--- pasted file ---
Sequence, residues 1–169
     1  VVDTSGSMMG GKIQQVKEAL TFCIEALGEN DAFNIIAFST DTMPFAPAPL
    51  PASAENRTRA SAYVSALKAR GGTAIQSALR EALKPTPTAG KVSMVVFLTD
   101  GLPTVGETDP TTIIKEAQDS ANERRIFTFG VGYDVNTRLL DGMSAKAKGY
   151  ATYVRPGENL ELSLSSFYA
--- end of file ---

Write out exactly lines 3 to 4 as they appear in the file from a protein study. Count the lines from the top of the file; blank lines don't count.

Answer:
    51  PASAENRTRA SAYVSALKAR GGTAIQSALR EALKPTPTAG KVSMVVFLTD
   101  GLPTVGETDP TTIIKEAQDS ANERRIFTFG VGYDVNTRLL DGMSAKAKGY